Source of “help.html”.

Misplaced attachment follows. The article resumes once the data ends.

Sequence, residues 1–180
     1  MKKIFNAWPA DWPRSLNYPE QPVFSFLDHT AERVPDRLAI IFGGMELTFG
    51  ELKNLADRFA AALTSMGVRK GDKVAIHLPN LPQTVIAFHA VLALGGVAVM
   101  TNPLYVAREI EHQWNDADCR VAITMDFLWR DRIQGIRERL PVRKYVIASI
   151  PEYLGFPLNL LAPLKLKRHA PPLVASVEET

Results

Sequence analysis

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1 <!DOCTYPE HTML PUBLIC "-//W3C//DTD HTML 4.01//EN" "http://www.w3.org/TR/html 4/strict.dtd"> 2 <html> 3 <!-- 4 5 //////////////////////////////////////////////////////////////////////////// 6 // // 7 // Pachylet: Andrew's Web Mail Interface, Version 2 // 8 // // 9 // Copyright (c) 2002-2015 // 10 // // 11 // Help file, help.html // 12 // // 13 //////////////////////////////////////////////////////////////////////////// 14 15 --> 16 17 <head> 18 <meta http-equiv="Content-Type" content="text/html; charset=utf-8"> 19 <meta name="viewport" content="width=640"> 20 21 <style type="text/css"><!-- 22 23 A:link { color: #000099; } 24 A:active { color: #ff0000; } 25 A:visited { color: #000099; } 26 .noTouch A:hover { color: #006600; } 27 28 body { 29 background-color: #cccccc; 30 margin: 0px; 31 padding: 0px; 32 } 33 #helpDir, #helpBody { 34 position: absolute; 35 width: 40em; 36 left: 50%; 37 margin-left: -20em; 38 border: 1px #cccccc inset; 39 } 40 #helpDir { 41 z-index: 1; 42 border-style: solid; 43 line-height: 2; 44 } 45 #helpBody { 46 top: 0px; /* a placeholder, adjusted by the onload event */ 47 bottom: 0px; 48 overflow: auto; 49 -webkit-overflow-scrolling: touch; 50 background-color: #ffffff; 51 } 52 .helpSection { 53 padding: 0.5em; 54 display: none; 55 } 56 .helpDirBtn { 57 float: left; 58 width: 5em; 59 background-color: #6699cc; 60 } 61 .helpDirBtn a { 62 display: block; 63 border: 1px #cccccc inset; 64 white-space: nowrap; 65 font-size: 0.75em; 66 text-align: center; 67 } 68 .noTouch .helpDirBtn a:hover { 69 background-color: #88bbee; 70 } 71 .helpTitle { 72 font-size: 1.25em; 73 text-align: center; 74 margin-top: 0.4em; 75 margin-bottom: 0.8em; 76 } 77 .helpSection p, .helpSection ul, .helpSection table, .sourceCaveat { 78 margin-top: 1em; 79 margin-bottom: 0px; 80 } 81 sup { 82 vertical-align: top; 83 font-size: 0.6em; 84 } 85 div.elephant { 86 float: right; 87 background-color: #99cc99; 88 margin-left: 6px; 89 margin-bottom: 6px; 90 border: 2px #cccccc ridge; 91 padding: 12px; 92 } 93 img.elephant { 94 border-width: 0px; 95 } 96 .searchSample { 97 display: inline-block; 98 width: 12em; 99 font-family: monospace, courier, "courier new", lucida; 100 font-size: 13px; 101 } 102 .sourceListing { 103 display: inline-block; 104 width: 8em; 105 } 106 .sourceCaveat { 107 font-size: 0.75em; 108 } 109 @media screen and (max-device-width: 500px) { 110 #helpDir, #helpBody { 111 border-width: 0px; 112 } 113 #helpDir .helpDirBtn, .helpSection { 114 font-size: 2em; 115 } 116 #helpDir { 117 line-height: 2; 118 } 119 #searchSamples { 120 padding-left: 7em; 121 } 122 .searchSample { 123 position: absolute; 124 left: 0px; 125 padding: 0.5em; 126 width: 8em; 127 } 128 .sourceListing { 129 display: inline; 130 } 131 } 132 133 --> 134 </style> 135 136 <script type="text/javascript"><!-- 137 138 var pachyHelp = (function() { 139 140 var showing = null; 141 142 function show(id) { 143 var elt = document.getElementById(id); 144 if (showing) showing.style.display = "none"; 145 showing = elt; 146 showing.style.display = "block"; 147 document.getElementById("helpBody").scrollTop = 0; 148 if (history && history.replaceState) { 149 var stateObj = {}; 150 history.replaceState(stateObj, "", "#" + id); 151 } else { 152 location.hash = id; 153 } 154 return false; 155 } 156 157 function trumpet() { 158 // Play the elephant 159 // 160 document.getElementById("trumpet").play(); 161 return false; 162 } 163 164 function init() { 165 // Set helpBody position and size, and jump to appropriate section. 166 // 167 if (!("ontouchstart" in document.documentElement)) { 168 document.documentElement.className += " noTouch"; 169 } else { 170 document.documentElement.className += " touch"; 171 } 172 var dirHeight = document.getElementById("helpDir").offsetHeight; 173 var body = document.getElementById("helpBody"); 174 body.style.top = dirHeight + "px"; 175 var dest = (location.hash && location.hash != "" ? 176 location.hash.substring(1) : 177 null); 178 var elt; 179 if (dest && (elt = document.getElementById(dest)) && 180 elt.className == "helpSection") { 181 show(dest); 182 } else { 183 show("overview"); 184 } 185 } 186 187 return { 188 show: show, 189 trumpet: trumpet, 190 init: init 191 } 192 193 })(); // inline call of anonymous function 194 195 // --> 196 </script> 197 198 <title>Pachylet Documentation</title> 199 </head> 200 201 <body onload="pachyHelp.init()"> 202 203 <div style="display: none"> 204 <audio id=trumpet src="pachylet.au"></audio> 205 </div> 206 207 <div id=helpDir> 208 <div class=helpDirBtn><a href="#overview" 209 onClick="return pachyHelp.show('overview')">Overview</a></div> 210 <div class=helpDirBtn><a href="#simpleUse" 211 onClick="return pachyHelp.show('simpleUse')">Simple Use</a></div> 212 <div class=helpDirBtn><a href="#searching" 213 onClick="return pachyHelp.show('searching')">Searching</a></div> 214 <div class=helpDirBtn><a href="#smartFolders" 215 onClick="return pachyHelp.show('smartFolders')">Smart Folders</a></div> 216 <div class=helpDirBtn><a href="#composing" 217 onClick="return pachyHelp.show('composing')">Composing</a></div> 218 <div class=helpDirBtn><a href="#security" 219 onClick="return pachyHelp.show('security')">Security</a></div> 220 <div class=helpDirBtn><a href="#colophon" 221 onClick="return pachyHelp.show('colophon')">Colophon</a></div> 222 <div class=helpDirBtn><a href="#source" 223 onClick="return pachyHelp.show('source')">Source</a></div> 224 </div> <!-- helpDir --> 225 226 <div id=helpBody> 227 228 <div class=helpSection id=overview> 229 <div class=helpTitle>Overview</div> 230 <div class=elephant> 231 <a href="#" title="click to hear a Pachylet" 232 onclick="return pachyHelp.trumpet()"> 233 <img class=elephant src=pachylet.gif width=88 height=108 alt="A Pachylet"> 234 </a> 235 </div> 236 Pachylet is a web service for storing and accessing your email. It 237 retrieves your email from the Pachylet server itself, and from other 238 POP3 or IMAP mail servers on which you have accounts. It stores your 239 email in a database on the Pachylet server. You access your email from a 240 web browser running elsewhere. Nothing gets stored on your local 241 computer. 242 <p> 243 Pachylet has the traditional facilities for filing your email in 244 folders, moving it to a trash folder, and eventually deleting it. 245 However, it also has a very fast and powerful search mechanism, so you 246 can largely ignore the folders and just use the &ldquo;Drop&rdquo; 247 command to leave most of your email scattered around the single 248 &ldquo;Dropped&rdquo; folder, then find appropriate messages by 249 searching. 250 <p> 251 Additionally Pachylet provides &ldquo;smart folders&rdquo;, which let 252 you use searches to automatically pre-sort and filter your incoming 253 email. There&rsquo;s more description of all this later in this 254 document. 255 <p> 256 Pachylet tries to prevent malware intruding on your email through 257 attachments or through active HTML. Nevertheless, you should never open 258 an attachment unless you are certain that you trust the sender. You 259 should also be aware that if you view an HTML message by clicking on the 260 &ldquo;View as Web Page&rdquo; link, the images loaded there can 261 disclose information about your email usage. 262 <p> 263 Pachylet works on all modern web browsers, including most smart phones. 264 See the &ldquo;Colophon&rdquo; section of this page for details of the 265 various versions. 266 <p> 267 Pachylet was written by me, <a 268 href="http://birrell.org/andrew/me/">Andrew Birrell</a>, and is 269 copyright &copy; 2002-2014. All rights reserved. You may use Pachylet 270 only on this server, and you do so entirely at your own risk. There is 271 no warranty whatsoever. 272 </div> 273 274 <div class=helpSection id=simpleUse> 275 <div class=helpTitle>Simple Use</div> 276 While you can use Pachylet in the traditional manner (filing important 277 messages carefully and systematically, and then deleting the rest) the 278 user interface encourages a different style, which I recommend that you 279 try: 280 <ul> 281 <li>When a message arrives, most likely you should click 282 &ldquo;Drop&rdquo;. This places the message into a special 283 &ldquo;Dropped&rdquo; folder. Only if you&rsquo;re certain that you 284 never ever want to see the message again, click &ldquo;Trash&rdquo; 285 instead (this omits the message from search results, unless 286 you explicitly search in the &ldquo;Trash&rdquo folder. 287 <li>Subsequently, to find a message, click &ldquo;Find&rdquo; and type a 288 few words from the message. Most likely you&rsquo;ll find the message 289 you want quickly. 290 <li>In rare cases, you can use &ldquo;Move&rdquo; to move or copy a 291 message into a folder, so that you can find it again without using the 292 full-text search facilities of &ldquo;Find&rdquo;. 293 <li>Use &ldquo;smart folders&rdquo; to pre-sort your incoming messages 294 (described below). These let you categorize the messages automatically, 295 and the &ldquo;Scan&rdquo; button then lets you view them in their 296 categorized order. 297 298 </ul> 299 <p> 300 The normal Javascript version of the user interface does most of its 301 interactions with the Pachylet server asynchronously, so that you 302 don&rsquo;t have to wait for the server to respond. For example, after 303 you&rsquo;ve clicked to select a message, you can file that message 304 somewhere, or select a different message, without waiting for the 305 message contents to arrive on your screen. 306 <p> 307 The user interface is designed so that you can process your incoming 308 messages with the central buttons &ldquo;Next&rdquo;, 309 &ldquo;Drop&rdquo;, &ldquo;Trash&rdquo; and &ldquo;Scan&rdquo;. 310 Occasionally, you&rsquo;ll use &ldquo;Move&rdquo;, and as appropriate 311 you&rsquo;ll generate replies. 312 <p> 313 The &ldquo;Find&rdquo; button lets you do a general search (described 314 below). &ldquo;Scan&rdquo; works its way through your unread messages 315 that have arrived in your smart folders. &ldquo;Folders&rdquo; lets you 316 view and manage your folders, be they normal or smart. 317 <p> 318 Messages that have been moved to the Trash folder can be permanently 319 deleted: open the Trash folder, select the message, and click the 320 &ldquo;Delete&rdquo; button. 321 <p> 322 In the version for smart phones, these buttons are organized 323 differently. Also there, there are no features for creating or deleting 324 folders or smart folders, or for permanently deleting messages. 325 </div> 326 327 <div class=helpSection id=searching> 328 <div class=helpTitle>Searching</div> 329 The &ldquo;Find&rdquo; button lets you search for messages. A search 330 usually produces its results very quickly, so it&rsquo;s easy to try 331 different search queries. The same queries get used in creating smart 332 folders, described in the next section. 333 <p> 334 A search takes place within a folder (normal or smart), or across 335 everything except the Trash folder. You describe the messages you want 336 to find by giving some combination of words from the messages and date 337 ranges. You can restrict the word search to the message header, or some 338 of its fields. 339 <p> 340 By default, the &ldquo;Find&rdquo; dialog is set up to show the query 341 you made most recently (or the folder you opened). If you want to ignore 342 that and search elsewhere, click &ldquo;Clear&rdquo; in the 343 &ldquo;Find&rdquo; dialog. 344 <p> 345 The text you search for in the &ldquo;Find&rdquo; command is actually a 346 potentially elaborate expression in a search language (defined by the 347 &ldquo;Sphinx&rdquo; search engine). The possibilities include: 348 <p id=searchSamples> 349 <span class=searchSample>quick fox</span> 350 &hellip; contains 351 both &ldquo;quick&rdquo; and &ldquo;fox&rdquo; 352 <br> 353 <span class=searchSample>quick | fox</span> 354 &hellip; contains 355 either &ldquo;quick&rdquo; or &ldquo;fox&rdquo;, or both 356 <br> 357 <span class=searchSample>quick -fox</span> 358 &hellip; contains 359 &ldquo;quick&rdquo; but not &ldquo;fox&rdquo; 360 <br> 361 <span class=searchSample>"quick brown"</span> 362 &hellip; contains 363 &ldquo;quick&rdquo; immediately followed by &ldquo;brown&rdquo; 364 <br> 365 <span class=searchSample>qui*</span> 366 &hellip; contains 367 a word that begins with the letters &ldquo;qui&rdquo; 368 <br> 369 <span class=searchSample>(quick brown) | fox</span> 370 &hellip; contains 371 both &ldquo;quick&rdquo; and &ldquo;brown&rdquo;, 372 or contains &ldquo;fox&rdquo; 373 <br> 374 <span class=searchSample>quick brown | fox</span> 375 &hellip; contains 376 &ldquo;quick&rdquo; and either &ldquo;brown&rdquo; or &ldquo;fox&rdquo; 377 <p> 378 A &ldquo;word&rdquo; is a sequence of letters, digits, and 379 &ldquo;_&rdquo;; letter case is ignored. Many other characters have 380 special meanings, and you should either avoid them or read <a 381 href="http://sphinxsearch.com/docs/current.html#extended-syntax">the 382 full documentation</a>. 383 <p> 384 The results of a search are presented sorted by date, and positioned to 385 the most recent. That means it&rsquo;s usually fine to have the search 386 criteria be quite loose, because you probably want the most recent 387 messages. If you don&rsquo;t want the most recent messages, then the 388 date range options in &ldquo;Find&rdquo; should help you. 389 </div> 390 391 <div class=helpSection id=smartFolders> 392 <div class=helpTitle>Smart Folders</div> 393 Smart folders serve multiple purposes. They are the most powerful, and 394 the most complex, feature of Pachylet. A smart folder is a real folder: 395 you can move messages into or out of a smart folder just as you can with 396 a normal folder. But a smart folder also has an associated query, 397 that&rsquo;s saved permanently with your Pachylet data. 398 <p> 399 The most common use of a smart folder is to pre-sort or filter your 400 incoming messages. Whenever Pachylet receives new mail, the messages are 401 matched against the queries of your smart folders. When a new message 402 matches a smart folder&rsquo;s query, the message is moved into that 403 folder. The only messages that appear in your Inbox are those that match 404 none of your smart folders&rsquo; queries. 405 <p> 406 This would be unhelpful without the &ldquo;Scan&rdquo; button on the 407 main screen. This button searches your smart folders sequentially, 408 checking for unread messages. 409 <p> 410 The net effect when new messages arrive is that they get sorted into 411 your smart folders and your Inbox, then the &ldquo;Scan&rdquo; button 412 lets you view them sequentially, in this sorted order. The user 413 interface is arranged such that if you click &ldquo;Scan&rdquo; and get 414 to a folder that you don&rsquo;t want to read right now, you can ignore 415 it (by clicking the button again, or by doing something else) without 416 disturbing it. 417 <p> 418 A secondary use of smart folders is to filter your messages. When you 419 create or edit a smart folder, there&rsquo;s an option to mark matching 420 incoming messages as having been read. This means they are ignored by 421 &ldquo;Scan&rdquo;. For example, you can use this to move bcc copies of 422 messages from yourself into a &ldquo;Sent&rdquo; folder that 423 you&rsquo;ll never see unless you explicitly open it. 424 <p> 425 The final use of smart folders has nothing to do with folders. When you 426 use the &ldquo;Folders&rdquo; button to see your folders, in the smart 427 folders section there&rsquo;s a &ldquo;Find&rdquo; button. This finds 428 messages matching the selected smart folder&rsquo;s query, regardless of 429 whether they are currently in the folder. It&rsquo;s a way to keep a 430 query that you use frequently, such as &ldquo;messages dated within the 431 last month&rdquo;. (This feature isn&rsquo;t implemented on iPhone.) 432 </div> 433 434 <div class=helpSection id=composing> 435 <div class=helpTitle>Composing Messages</div> 436 The &ldquo;Compose&rdquo;, &ldquo;Forward&rdquo;, &ldquo;To 437 Author&rdquo;, and &ldquo;To All&rdquo; buttons create a new draft 438 message. You edit the draft to suit, then click &ldquo;Send&rdquo; or 439 &ldquo;Discard&rdquo;. 440 <p> 441 The most recent state of an in-progress draft is held entirely in your 442 web browser, but it can be saved to the Pachylet server. In the 443 Javascript versions (including the iPhone version), this happens 444 automatically within 30 seconds of an edit. In the non-script version, 445 you need to manually click &ldquo;Save&rdquo; (which you can also do in 446 the other versions, if you feel you need to). 447 <p> 448 Having saved the draft (automatically or manually), you can safely move 449 away from the composition window (click &ldquo;Done&rdquo; or 450 &ldquo;Back&rdquo; in the Javascript versions, or close the window in 451 the non-script version). The draft remains in your &ldquo;Unsent&rdquo; 452 folder, and you can resume composition by clicking on it there. 453 <p> 454 To add an attachment to a message in the non-iPhone javascript version, 455 click the &ldquo;Attach&rdquo;, choose the file, then click 456 &ldquo;Attach&rdquo; in the dialog. In the non-script version, jusy 457 choose the file and click &ldquo;save&rdquo;. There&rsquo;s no way to 458 add an attachment in the iPhone version. 459 <p> 460 Pachylet includes a contacts list. You can manage this manually by 461 clicking &ldquo;Contacts&rdquo; on the main screen, or you can add a 462 name from an incoming message by clicking the &ldquo;keep&rdquo; link 463 beside the name. (Neither of these is available on the iPhone version.) 464 <p> 465 You can add a recipient from your contacts list to a current draft by 466 typing the recipient&rsquo;s first or last name (or both), or the 467 recipient&rsquo;s nickname, into the &ldquo;to&rdquo; or 468 &ldquo;cc&rdquo; fields. In the non-iPhone Javascript version you can 469 see and search your contacts list in the side pane on the composition 470 screen. Add a recipient by clicking on a contact in that list. In the 471 iPhone version this is available by clicking the &ldquo;Add&rdquo; 472 button. In the non-script version you can browse your contacts list by 473 clicking &ldquo;Contacts&rdquo; in the composition window. 474 </div> 475 476 <div class=helpSection id=security> 477 <div class=helpTitle>Security</div> 478 All versions of the Pachylet client use an encrypted (TLS) connection 479 for all interactions with the server. This guarantees that all data is 480 sent to and comes from the server, without it being visible to a third 481 party outside of the client or server. However, it&rsquo;s up to you to 482 verify that you are actually using the correct server name with an HTTPS 483 URL, by looking at your browser&rsquo;s address bar. 484 <p> 485 You log in to Pachylet on its login screen by providing your user name 486 and password. The server compares these to a salted hash of the 487 password, stored in its database. If they match, your client is sent a 488 &ldquo;cookie&rdquo;, which it uses to authenticate you on subsequent 489 requests to the server. Generally, you should log out when you are 490 finished using Pachylet. When you logout, the server makes the client 491 destroy the cookie. 492 <p> 493 On desktop or laptop browsers, the authentication cookie is destroyed 494 when you exit from the browser application. On mobile devices like an 495 iPhone or iPad the cookie remains on the device for about a week, 496 allowing you to use Pachylet again without typing your password again. 497 This assumes that your mobile device is protected by a lock screen with 498 a non-trivial PIN or password. 499 <p> 500 Your plain-text password is never stored in stable storage, only a 501 secure salted hash of it. 502 <p> 503 If you care, you can read <a href="#securityDetails" 504 onClick="return pachyHelp.show('securityDetails')">technical details</a> 505 of Pachylet&rsquo;s security design. 506 </div> 507 508 <div class=helpSection id=securityDetails> 509 <div class=helpTitle>Security: Technical Details</div> 510 All communication between the browser and the Pachylet server occurs over 511 TLS (using HTTPS). The Pachylet server is configured to prefer cipher 512 suites that have "forward secrecy", if supported by your browser (true 513 for all modern browsers). The forward secrecy property is effective after 514 a week (when the server generates a new TLS session token key). 515 <p> 516 There are five values for each user, all intended to be secret: 517 <ul> 518 <li>the plain-text password, typed into the UI; 519 <li>a derived key, which is a salted hash of the plain-text password; 520 <li>H1, a hash of the derived key, stored in the server&rsquo;s file system; 521 <li>H2, a separate hash of the derived key; 522 <li>a hash of H2, stored in the MySQL database. 523 </ul> 524 <p> 525 At login, the client sends the plain-text password to the Pachylet 526 server over a TLS connection. The server computes the derived key, and 527 the hashes H1 and H2. The login is authenticated by comparing the 528 computed H1 with the value stored in the file system. The computed H2 is 529 presented to MySQL as the MySQL connection password. MySQL computes its 530 hash of H2 and compares it to the stored value. On success, the server 531 returns the derived key to the client as a cookie. The cookie is 532 presented to the server on subsequent operations, and again used to 533 authenticate the login and to connect to MySQL. When the user logs out, 534 the server causes the client to erase the cookie. 535 <p> 536 Additionally, H2 is used to encrypt third-party passwords stored for the 537 user in the database. These are the passwords that will be used to 538 fetch the user&rsquo;s email from various POP and IMAP servers. This 539 encryption reduces the impact of an intruder who can read the database. 540 <p> 541 The plain-text password is never stored in stable storage, and is erased 542 from the UI and discarded as soon as possible. The derived key is 543 computed from the plain-text password by the PBKDF2 algorithm, using 544 100,000 iterations, a 128-bit random salt (from /dev/urandom), and 545 HMAC-SHA256 to yield a 256-bit derived key. These parameters, including 546 the chosen salt, are stored in the server&rsquo;s file system. The 547 derived key is never stored in stable storage on the server. H1 and H2 548 are computed using HMAC-SHA256 on separate (constant) strings, signed 549 with the derived key. The hash value stored by MySQL for its login is 550 &ldquo;sha1(sha1(H2))&rdquo;. The derived-key cookie is flagged 551 &ldquo;secure&rdquo; and &ldquo;HTTP only&rdquo; and isn&rsquo;t 552 accessible to the client JavaScript. On desktop and laptop machines, 553 the cookie is per-session and is destroyed when you exit from the web 554 browser application. On mobile devices like iPhone, iPad, or Android 555 tablets, the cookie persists for one week. This assumes that have 556 reasonable PIN or password protection for access to your mobile device. 557 The third-party passwords inside the database are encrypted using RC4 558 keyed by a random 128-bit IV hashed together with the derived key; the 559 first 4096 bytes of the RC4 key stream are discarded. 560 <p> 561 If the user&rsquo;s plain-text password has a decent level of entropy, 562 such as 60 bits, then it is economically infeasible to acquire the 563 plain-text password from the derived key by brute force. It is 564 equally difficult to acquire the 256-bit derived key from H1, H2, or 565 the MySQL hashed key; or to acquire H2 from the MySQL hashed key. 566 <p> 567 Aside from the obvious goal of allowing access only to authenticated 568 users, there are secondary goals related to how badly a compromise of 569 the system will hurt. 570 <p> 571 There are a few extreme possibilities. First, if the user&rsquo;s 572 device is compromised, then the user&rsquo;s login identity including 573 the plain-text password is unavoidably compromised. Second, if an 574 intruder gains root access to the server, then all subsequent use of the 575 server is compromised. Third, if an intruder can modify the scripts or 576 programs used by the server, then all subsequent use of the server is 577 compromised. Note, however, that the user&rsquo;s plain-text password 578 is compromised only if it is used while the device or server compromise 579 is in effect, not earlier: we have perfect forward secrecy in that 580 sense. (This is assuming the absence of attacks on the TLS connection, 581 which might or might not have perfect forward secrecy.) 582 <p> 583 For lesser attacks, we have two secondary goals. First, an attack on 584 the server must not allow the attacker to determine the user&rsquo;s 585 plain-text password, because it is most likely related to passwords for 586 that user elsewhere. Assuming the integrity of the server&rsquo;s 587 programs, the derived key machinery accomplishes this. Second, an attack 588 that permits read-only access to privileged areas of the server must not 589 be permitted to escalate into read-write access. This is achieved 590 because the hash stored by MySQL cannot be used to acquire H2 or the 591 derived key; and because H1 cannot be used to aquire the derived key. 592 Finally, observe that H2 is useful only within the server; access from 593 the web requires the derived key. (There is no network access to the 594 MySQL server.) 595 <p> 596 We shouldn&rsquo;t allow server-side scripts free access to the H1 597 stored in the file system. Partly, this is because we would prefer to 598 keep H1 secret. But more importantly, the Pachylet server-side scripts 599 are no more privileged than any other server-side script: if we allow 600 the Pachylet scripts to modify the stored H1 directly (e.g., to allow a 601 user to change their password), then any other server-side script could 602 also modify H1 and enable network login. This still would not enable 603 access to the MySQL database, but this attack could be combined with 604 some other attack to do so. Therefore we restrict all access to the 605 stored H1 file to a more privileged user, and provide a setuid 606 application that allows the requisite operations only to a script that 607 knows the matching derived key. 608 <p> 609 However, we weaken this scheme in two ways. 610 <p> 611 First, we retain H2 in stable storage on the server. Reading this would 612 allow an on-server program to acquire read-write access to the database. 613 We do this to allow a periodic job to be run that incorporates new mail 614 for the user while the user is offline. The stored H2 is in a file that 615 is readable only to root, and is given only to a script protected as 616 well as the server&rsquo;s other application programs and scripts. Hence 617 an intruder can read the stored H2 only if the server is already fully 618 compromised. Note that even if H2 is revealed, it allows no access from 619 the web, and the user&rsquo;s plain-text password is not compromised. 620 <p> 621 Second, we maintain on the server a publicly readable file for each user, 622 containing the number of unread messages for that user. This allows 623 unauthenticated &ldquo;new mail&rdquo; indications, for example on some 624 other web page. 625 <p> 626 This design doesn&rsquo;t use a separate &ldquo;session ID&rdquo;. This 627 is primarily because the server maintains no per-session state. Having 628 a separate session ID would add complexity and gain us no useful 629 functionality. Tangentially, note that we can revoke a derived key and 630 H2 at any time by changing the user&rsquo;s &ldquo;salt&rdquo; value and 631 computing a new H1 and H2. This happens, for example, whenever the user 632 informs the server of a new plain-text password, even if the new 633 password is equal to the previous password. 634 <p> 635 Not all of the user&rsquo;s data is stored in the database. Message 636 parts (main body, alternative bodies, or attachments) larger than 10,000 637 bytes are stored in the file system, although the first 10,000 bytes are 638 also stored in the database for use by the full-text indexing system. 639 These files are accessible equally to any script running in the server. 640 We encrypt the part files, using a key stored for the part in the 641 database. Each part uses a different key, derived from the H2 hash and 642 the part&rsquo;s unique ID. The key is retained in the database for each 643 part to avoid re-encryption when the user changes their password. The 644 encryption is done with AES-256 in CBC mode with PKCS #7 block padding. 645 There is a single fixed IV (which is OK, because each part file uses a 646 different key). A MAC of the plain text is stored in the database. The 647 MAC is computed with HMAC-SHA-256, keyed with the part&rsquo;s key. The 648 decryption function computes a MAC even if the block padding is 649 incorrect, to avoid padding-oracle timing attacks. This design is 650 intended to make the part files as secure as the database itself. The 651 only additional vulnerability is denial of service by deleting a part 652 file. 653 <p> 654 No security design would be complete without some arrangement for 655 auditing what the system actually does. We do this by writing log 656 entries whenever the client-side scripts do anything substantial (using 657 the &ldquo;syslog&rdquo; machinery). The server sends a daily summary 658 of these log entries to the system administrator. 659 <p> 660 Finally, note that the server must protect itself from many other 661 attacks. SQL injection attacks are avoided if the server is careful to 662 escape all arbitrary strings received from the client or from other 663 servers; cross-site-scripting attacks need similar protection. To 664 prevent cross-site request forgery attacks, the server insists that all 665 incoming requests, including the login request, have an HTTP 666 &ldquo;referer&rdquo; header line that references a page on the same 667 machine and in the same directory as the server script, served by HTTPS. 668 </div> 669 670 <div class=helpSection id=colophon> 671 <div class=helpTitle>Colophon</div> 672 The name &ldquo;Pachylet&rdquo; is reminiscent of 673 &ldquo;Pachyderm&rdquo;, an animal rumoured to never forget your email. 674 See also the <a 675 href="http://web.archive.org/web/19980123212517/http://www.research.digital. com/SRC/pachyderm/" >Pachyderm 676 web site</a> or a <a 677 href="http://birrell.org/andrew/talks/pachyderm.pdf">Pachyderm talk</a>, 678 both from 1997. 679 <p> 680 There are three client-side versions: 681 <ul> 682 <li>&ldquo;V1&rdquo; uses static HTML generated by a server-side script. 683 <li>&ldquo;V2&rdquo; is an &ldquo;AJAX&rdquo; web application using 684 Javacript, designed for the desktop. 685 <li>Pachylet Mobile is designed for smart phones. 686 </ul> 687 <p> 688 The web pages generated by the V1 client are very simple, and 689 don&rsquo;t rely on any client-side scripting. They should work on any 690 recent browser, even with Javascript disabled. They do require CSS 691 support, and they won&rsquo;t work on ancient browsers like IE4. 692 <p> 693 The V2 client and Pachylet Mobile use caching and asynchronous 694 communication to remove a lot of the latency in communicating with the 695 server, producing dramatically better performance. They also transfers 696 much less data from the server (important on slow or expensive 697 connections). In exchange, they needs a modern browser. V2 requires IE 698 10 or later, Safari 8 or later, or pretty much any version of Firefox or 699 Chrome. V2 also works, a bit awkwardly, in the Kindle&rsquo;s browser. 700 Pachylet Mobile should be fine with iOS 8 or later, or any iPad or 701 Android. I currently debug on IE10 on Windows 7, Chrome 44 on Android, 702 Safari 8 on MacOS 10.10.4, Firefox 38 on MacOS 10.10.4, and iOS 8 on 703 iPhone. 704 </div> 705 706 <div class=helpSection id=source> 707 <div class=helpTitle>Source Code</div> 708 <div class=sourceCaveat> 709 Note that Pachylet is a copyright work. You may read the sources for 710 educational purposes, but you are not allowed to use them elsewhere, nor 711 to make derived works. Any use you make of these files is entirely at 712 your own risk. There is no warranty whatsoever. 713 </div> 714 <p> 715 The V2 (AJAX) client (about 6200 lines): 716 <ul> 717 <li><a class=sourceListing 718 href="lister.php?file=pachyletV2.html">pachyletV2.html</a> 719 &hellip; The basic HTML page 720 <li><a class=sourceListing 721 href="lister.php?file=pachyletV2.css">pachyletV2.css</a> 722 &hellip; CSS Stylesheet 723 <li><a class=sourceListing 724 href="lister.php?file=pachyletV2.php">pachyletV2.php</a> 725 &hellip; Server-side PHP script 726 <li><a class=sourceListing 727 href="lister.php?file=pachyletV2.js">pachyletV2.js</a> 728 &hellip; Client-side Javascript 729 <li><a class=sourceListing 730 href="lister.php?file=common.js">common.js</a> 731 &hellip; Client-side Javascript library 732 </ul> 733 <p> 734 Pachylet Mobile (about 2100 lines, layered on the regular V2 client): 735 <ul> 736 <li><a class=sourceListing 737 href="lister.php?file=iphone.html">iphone.html</a> 738 &hellip; The basic HTML page 739 <li><a class=sourceListing 740 href="lister.php?file=iphone.css">iphone.css</a> 741 &hellip; CSS Stylesheet 742 <li><a class=sourceListing 743 href="lister.php?file=iphone.js">iphone.js</a> 744 &hellip; Client-side Javascript 745 <li><a class=sourceListing 746 href="lister.php?file=iphoneManifest.php">iphoneManifest.php</a> 747 &hellip; Script to generate the HTML 5 manifest file 748 <li><a class=sourceListing 749 href="lister.php?file=manifest-php.txt">manifest-php.txt</a> 750 &hellip; Library code for generating an HTML 5 manifest 751 </ul> 752 <p> 753 The V1 (static HTML) client (about 3200 lines): 754 <ul> 755 <li><a class=sourceListing 756 href="lister.php?file=pachyletV1.php">pachyletV1.php</a> 757 &hellip; Server-side PHP script 758 <li><a class=sourceListing 759 href="lister.php?file=pachyletV1.css">pachyletV1.css</a> 760 &hellip; CSS stylesheet 761 <li><a class=sourceListing 762 href="lister.php?file=pachyletV1.js">pachyletV1.js</a> 763 &hellip; Client-side Javascript (can be disabled) 764 <li><a class=sourceListing 765 href="lister.php?file=pachymgmt.php">pachymgmt.php</a> 766 &hellip; Administrative access to Pachylet accounts 767 </ul> 768 <p> 769 Client-independent code (about 5000 lines): 770 <ul> 771 <li><a class=sourceListing 772 href="lister.php?file=index.php">index.php</a> 773 &hellip; Top-level switcher between iPhone and non-iPhone 774 <li><a class=sourceListing 775 href="lister.php?file=pachysql.php">pachysql.php</a> 776 &hellip; MySQL access and handling labels and message parts 777 <li><a class=sourceListing 778 href="lister.php?file=pachyauth.php">pachyauth.php</a> 779 &hellip; Library for the Pachylet authentication scheme 780 <li><a class=sourceListing 781 href="lister.php?file=pachyhash.c">pachyhash.c</a> 782 &hellip; A setuid program to manage the H1 hash files 783 <li><a class=sourceListing 784 href="lister.php?file=pachylib.php">pachylib.php</a> 785 &hellip; Mostly inc, send and account settings 786 <li><a class=sourceListing 787 href="lister.php?file=pachyparts.php">pachyparts.php</a> 788 &hellip; Page for displaying attachments or HTML message bodies 789 <li><a class=sourceListing 790 href="lister.php?file=pachyparts2.php">pachyparts2.php</a> 791 &hellip; Page for acquiring a password for pachyparts.php 792 <li><a class=sourceListing 793 href="lister.php?file=detached.html">detached.html</a> 794 &hellip; Page for viewing a message in a separate window 795 <li><a class=sourceListing 796 href="lister.php?file=help.html">help.html</a> 797 &hellip; The documentation 798 <li><a class=sourceListing 799 href="lister.php?file=create.txt">create.txt</a> 800 &hellip; SQL commands for creating a Pachylet account 801 <li><a class=sourceListing 802 href="lister.php?file=delete.txt">delete.txt</a> 803 &hellip; SQL commands for deleting a Pachylet account 804 <li><a class=sourceListing 805 href="lister.php?file=pachyinc.php">pachyinc.php</a> 806 &hellip; Script for incorporating mail into Pachylet from cron 807 <li><a class=sourceListing 808 href="lister.php?file=mailcheck.php">mailcheck.php</a> 809 &hellip; Reports &ldquo;new mail&rdquo; status 810 <li><a class=sourceListing 811 href="lister.php?file=lister.php">lister.php</a> 812 &hellip; The source listing program 813 </ul> 814 </div> 815 816 </div> 817 818 </body> 819 </html>